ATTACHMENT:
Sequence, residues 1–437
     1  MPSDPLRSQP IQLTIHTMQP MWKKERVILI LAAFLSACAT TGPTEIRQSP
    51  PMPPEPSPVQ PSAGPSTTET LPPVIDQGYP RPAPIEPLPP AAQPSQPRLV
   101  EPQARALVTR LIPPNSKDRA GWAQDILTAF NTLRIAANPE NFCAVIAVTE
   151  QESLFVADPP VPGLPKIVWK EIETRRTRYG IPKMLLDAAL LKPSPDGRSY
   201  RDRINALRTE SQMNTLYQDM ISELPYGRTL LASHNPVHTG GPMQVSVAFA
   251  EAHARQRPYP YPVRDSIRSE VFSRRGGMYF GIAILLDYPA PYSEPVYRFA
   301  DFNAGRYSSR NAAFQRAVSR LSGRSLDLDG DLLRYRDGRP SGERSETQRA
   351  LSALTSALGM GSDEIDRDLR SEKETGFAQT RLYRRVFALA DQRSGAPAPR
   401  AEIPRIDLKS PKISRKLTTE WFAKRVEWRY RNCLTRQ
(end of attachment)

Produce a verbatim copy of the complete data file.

Sequence, residues 1–437
     1  MPSDPLRSQP IQLTIHTMQP MWKKERVILI LAAFLSACAT TGPTEIRQSP
    51  PMPPEPSPVQ PSAGPSTTET LPPVIDQGYP RPAPIEPLPP AAQPSQPRLV
   101  EPQARALVTR LIPPNSKDRA GWAQDILTAF NTLRIAANPE NFCAVIAVTE
   151  QESLFVADPP VPGLPKIVWK EIETRRTRYG IPKMLLDAAL LKPSPDGRSY
   201  RDRINALRTE SQMNTLYQDM ISELPYGRTL LASHNPVHTG GPMQVSVAFA
   251  EAHARQRPYP YPVRDSIRSE VFSRRGGMYF GIAILLDYPA PYSEPVYRFA
   301  DFNAGRYSSR NAAFQRAVSR LSGRSLDLDG DLLRYRDGRP SGERSETQRA
   351  LSALTSALGM GSDEIDRDLR SEKETGFAQT RLYRRVFALA DQRSGAPAPR
   401  AEIPRIDLKS PKISRKLTTE WFAKRVEWRY RNCLTRQ